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Tata Steel Europe: Europe Needs Appropriate Measures Against Steel Tariffs

"We need appropriate measures against a negative influence on the European market,"

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One of the blast furnaces of the Tata Steel plant is seen at sunset in Port Talbot, South Wales, May 31, 2013. VOA

India’s Tata Steel is concerned about U.S. plans to impose tariffs on steel imports, a senior executive at the group’s European unit said on Wednesday.

“We need appropriate measures against a negative influence on the European market,” Henrik Adam, chief commercial officer at Tata Steel Europe, told an industry conference. “We believe in fair, free trade.”

ALSO READ: India’s Steel Makers: New policy for Domestic Steel Sector plans to treble India’s steel production capacity by 2030

tata steel
President Donald Trump announced last week he would impose hefty tariffs on imported steel and aluminum to protect U.S. producers, risking retaliation from major trade partners like China, Europe and neighboring Canada. Wikimedia Commons

Adam said it was still unclear what exactly the tariffs would look like but warned there was a risk that the European market might be forced to absorb imports originally meant for the U.S. market as a result.

ALSO READ: UK’s Indian Origin Steel Tycoon Sanjeev Gupta to Create 300 New Jobs in a steel division formerly owned by Tata Steel

Adam said the U.S. market was relevant for Tata Steel Europe, which is currently working on merging with the European steel business of German rival Thyssenkrupp, adding it makes about half a billion euros of annual sales there.

Next Story

U.S. President Donald Trump Vetoes Measure to End U..S Involvement in Yemen War

ump issued his first veto last month on legislation related to immigration. Trump had declared a national emergency so he could use more money to construct a border wall. Congress voted to block the emergency declaration and Trump vetoed that measure.

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Yemen
Men inspect the site of an airstrike by Saudi-led coalition in Sanaa, Yemen, April 10, 2019. VOA

President Donald Trump on Wednesday vetoed a bill passed by Congress to end U.S. military assistance in Saudi Arabia’s war in Yemen.

In a break with the president, Congress voted for the first time earlier this month to invoke the War Powers Resolution to try to stop U.S. involvement in a foreign conflict.

The veto — the second in Trump’s presidency — was expected. Congress lacks the votes to override him.

“This resolution is an unnecessary, dangerous attempt to weaken my constitutional authorities, endangering the lives of American citizens and brave service members, both today and in the future,” Trump wrote in explaining his veto.

Congress has grown uneasy with Trump’s close relationship with Saudi Arabia as he tries to further isolate Iran, a regional rival.

Many lawmakers also criticized the president for not condemning Saudi Arabia for the killing of Jamal Khashoggi, a Saudi who lived in the United States and had written critically about the kingdom. Khashoggi went into the Saudi consulate in Istanbul last October and never came out. Intelligence agencies said Saudi Crown Prince Mohammed bin Salman was complicit in the killing.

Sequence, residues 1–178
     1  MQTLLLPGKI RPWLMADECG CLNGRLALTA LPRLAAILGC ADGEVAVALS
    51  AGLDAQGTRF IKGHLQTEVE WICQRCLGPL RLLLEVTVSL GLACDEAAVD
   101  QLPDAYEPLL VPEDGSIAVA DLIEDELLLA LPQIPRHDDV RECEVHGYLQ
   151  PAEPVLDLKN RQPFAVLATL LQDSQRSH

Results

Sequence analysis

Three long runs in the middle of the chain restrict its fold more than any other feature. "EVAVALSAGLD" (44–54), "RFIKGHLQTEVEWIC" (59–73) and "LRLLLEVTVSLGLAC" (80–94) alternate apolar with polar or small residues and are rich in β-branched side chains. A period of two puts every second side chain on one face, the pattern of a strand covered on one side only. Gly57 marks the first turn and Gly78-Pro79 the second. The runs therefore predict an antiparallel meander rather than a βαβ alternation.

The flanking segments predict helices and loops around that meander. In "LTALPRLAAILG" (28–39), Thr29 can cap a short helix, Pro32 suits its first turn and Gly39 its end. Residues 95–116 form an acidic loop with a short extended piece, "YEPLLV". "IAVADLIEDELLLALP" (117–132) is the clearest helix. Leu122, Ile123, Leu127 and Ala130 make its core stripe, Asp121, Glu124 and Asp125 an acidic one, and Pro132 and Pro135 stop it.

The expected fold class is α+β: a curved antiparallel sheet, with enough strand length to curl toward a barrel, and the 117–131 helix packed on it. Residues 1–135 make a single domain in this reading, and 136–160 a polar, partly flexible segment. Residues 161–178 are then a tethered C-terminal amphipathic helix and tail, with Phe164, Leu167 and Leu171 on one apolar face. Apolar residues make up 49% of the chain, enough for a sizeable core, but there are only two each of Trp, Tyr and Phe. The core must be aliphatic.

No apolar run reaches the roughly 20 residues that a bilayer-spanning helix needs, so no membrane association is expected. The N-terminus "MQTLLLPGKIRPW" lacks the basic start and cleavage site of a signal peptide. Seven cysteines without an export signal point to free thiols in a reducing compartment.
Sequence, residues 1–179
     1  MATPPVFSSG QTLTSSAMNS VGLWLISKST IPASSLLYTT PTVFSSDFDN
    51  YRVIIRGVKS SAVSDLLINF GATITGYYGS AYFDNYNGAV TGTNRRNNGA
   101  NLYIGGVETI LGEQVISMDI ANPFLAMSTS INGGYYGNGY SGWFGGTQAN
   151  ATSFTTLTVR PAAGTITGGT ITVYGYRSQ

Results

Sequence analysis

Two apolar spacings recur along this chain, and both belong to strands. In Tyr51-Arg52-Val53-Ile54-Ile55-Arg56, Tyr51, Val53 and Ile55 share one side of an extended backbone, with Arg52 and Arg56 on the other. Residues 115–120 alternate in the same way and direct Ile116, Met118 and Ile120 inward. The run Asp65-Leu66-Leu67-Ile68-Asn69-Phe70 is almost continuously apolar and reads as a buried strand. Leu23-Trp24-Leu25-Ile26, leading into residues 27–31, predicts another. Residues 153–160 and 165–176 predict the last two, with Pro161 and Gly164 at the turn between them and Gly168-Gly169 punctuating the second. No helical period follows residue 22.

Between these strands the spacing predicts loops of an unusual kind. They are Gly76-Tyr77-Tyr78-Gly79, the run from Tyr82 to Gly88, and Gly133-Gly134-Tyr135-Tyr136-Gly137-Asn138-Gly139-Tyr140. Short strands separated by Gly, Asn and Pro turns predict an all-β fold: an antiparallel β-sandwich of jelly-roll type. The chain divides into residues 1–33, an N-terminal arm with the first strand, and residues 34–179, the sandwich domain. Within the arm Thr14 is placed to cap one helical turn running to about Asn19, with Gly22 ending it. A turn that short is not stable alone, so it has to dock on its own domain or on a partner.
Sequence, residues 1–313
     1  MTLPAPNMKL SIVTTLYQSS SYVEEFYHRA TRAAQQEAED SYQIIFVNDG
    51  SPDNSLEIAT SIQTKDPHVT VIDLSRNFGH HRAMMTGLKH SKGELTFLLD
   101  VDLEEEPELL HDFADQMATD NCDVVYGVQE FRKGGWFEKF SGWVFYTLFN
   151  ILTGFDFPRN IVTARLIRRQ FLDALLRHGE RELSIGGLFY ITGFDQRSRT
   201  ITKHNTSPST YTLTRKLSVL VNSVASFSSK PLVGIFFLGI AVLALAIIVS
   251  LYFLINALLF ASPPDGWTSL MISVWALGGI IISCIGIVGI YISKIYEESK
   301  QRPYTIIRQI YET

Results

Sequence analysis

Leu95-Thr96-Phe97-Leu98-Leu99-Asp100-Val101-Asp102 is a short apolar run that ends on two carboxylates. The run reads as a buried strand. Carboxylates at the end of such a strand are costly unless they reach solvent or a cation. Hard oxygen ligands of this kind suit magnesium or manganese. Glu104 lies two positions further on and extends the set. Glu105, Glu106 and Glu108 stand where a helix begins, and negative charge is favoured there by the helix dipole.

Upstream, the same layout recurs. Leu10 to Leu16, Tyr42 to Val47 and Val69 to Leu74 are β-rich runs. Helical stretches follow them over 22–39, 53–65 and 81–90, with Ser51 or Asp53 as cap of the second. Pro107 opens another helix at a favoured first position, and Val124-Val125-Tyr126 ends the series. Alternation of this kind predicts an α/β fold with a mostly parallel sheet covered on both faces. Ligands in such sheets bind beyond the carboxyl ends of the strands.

U.S.
Congress has grown uneasy with Trump’s close relationship with Saudi Arabia as he tries to further isolate Iran, a regional rival. VOA

The U.S. provides billions of dollars of arms to the Saudi-led coalition fighting against Iran-backed rebels in Yemen. Members of Congress have expressed concern about the thousands of civilians killed in coalition airstrikes since the conflict began in 2014. The fighting in the Arab world’s poorest country also has left millions suffering from food and medical care shortages and has pushed the country to the brink of famine.

House approval of the resolution came earlier this month on a 247-175 vote. The Senate vote last month was 54-46.

Democratic Rep. Eliot Engel of New York, chairman of the House Foreign Affairs Committee, voted to end U.S. military assistance to the war, saying the humanitarian crisis in Yemen triggered “demands moral leadership.”

Donald Trump
President Donald Trump on Wednesday vetoed a bill passed by Congress to end U.S. military assistance in Saudi Arabia’s war in Yemen. VOA

The top Republican on the committee, Rep. Michael McCaul of Texas, acknowledged the dire situation in Yemen for civilians, but spoke out in opposition to the bill. McCaul said it was an abuse of the War Powers Resolution and predicted it could disrupt U.S. security cooperation agreements with more than 100 countries.

Also Read: Despite Tariff War With U.S, China’s Economic Growth is Steady

Trump issued his first veto last month on legislation related to immigration. Trump had declared a national emergency so he could use more money to construct a border wall. Congress voted to block the emergency declaration and Trump vetoed that measure. (VOA)